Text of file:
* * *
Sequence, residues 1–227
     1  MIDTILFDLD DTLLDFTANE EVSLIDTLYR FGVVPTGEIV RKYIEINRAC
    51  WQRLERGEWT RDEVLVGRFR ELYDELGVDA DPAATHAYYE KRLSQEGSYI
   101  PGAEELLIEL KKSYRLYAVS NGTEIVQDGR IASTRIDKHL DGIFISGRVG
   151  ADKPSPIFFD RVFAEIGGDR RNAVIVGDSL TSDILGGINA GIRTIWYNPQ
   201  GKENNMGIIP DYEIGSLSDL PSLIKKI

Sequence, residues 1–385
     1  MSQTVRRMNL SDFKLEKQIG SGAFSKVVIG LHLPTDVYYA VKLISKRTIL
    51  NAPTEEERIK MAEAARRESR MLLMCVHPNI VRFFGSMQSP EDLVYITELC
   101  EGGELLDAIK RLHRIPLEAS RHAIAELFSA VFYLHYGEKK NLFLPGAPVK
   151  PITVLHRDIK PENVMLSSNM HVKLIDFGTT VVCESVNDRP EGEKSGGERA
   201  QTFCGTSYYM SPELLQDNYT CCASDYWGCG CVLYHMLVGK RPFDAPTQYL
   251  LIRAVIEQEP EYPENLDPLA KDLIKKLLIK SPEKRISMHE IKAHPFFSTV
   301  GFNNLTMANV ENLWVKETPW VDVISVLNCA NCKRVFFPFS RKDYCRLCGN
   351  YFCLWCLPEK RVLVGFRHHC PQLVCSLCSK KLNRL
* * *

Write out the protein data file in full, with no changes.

Sequence, residues 1–227
     1  MIDTILFDLD DTLLDFTANE EVSLIDTLYR FGVVPTGEIV RKYIEINRAC
    51  WQRLERGEWT RDEVLVGRFR ELYDELGVDA DPAATHAYYE KRLSQEGSYI
   101  PGAEELLIEL KKSYRLYAVS NGTEIVQDGR IASTRIDKHL DGIFISGRVG
   151  ADKPSPIFFD RVFAEIGGDR RNAVIVGDSL TSDILGGINA GIRTIWYNPQ
   201  GKENNMGIIP DYEIGSLSDL PSLIKKI

Sequence, residues 1–385
     1  MSQTVRRMNL SDFKLEKQIG SGAFSKVVIG LHLPTDVYYA VKLISKRTIL
    51  NAPTEEERIK MAEAARRESR MLLMCVHPNI VRFFGSMQSP EDLVYITELC
   101  EGGELLDAIK RLHRIPLEAS RHAIAELFSA VFYLHYGEKK NLFLPGAPVK
   151  PITVLHRDIK PENVMLSSNM HVKLIDFGTT VVCESVNDRP EGEKSGGERA
   201  QTFCGTSYYM SPELLQDNYT CCASDYWGCG CVLYHMLVGK RPFDAPTQYL
   251  LIRAVIEQEP EYPENLDPLA KDLIKKLLIK SPEKRISMHE IKAHPFFSTV
   301  GFNNLTMANV ENLWVKETPW VDVISVLNCA NCKRVFFPFS RKDYCRLCGN
   351  YFCLWCLPEK RVLVGFRHHC PQLVCSLCSK KLNRL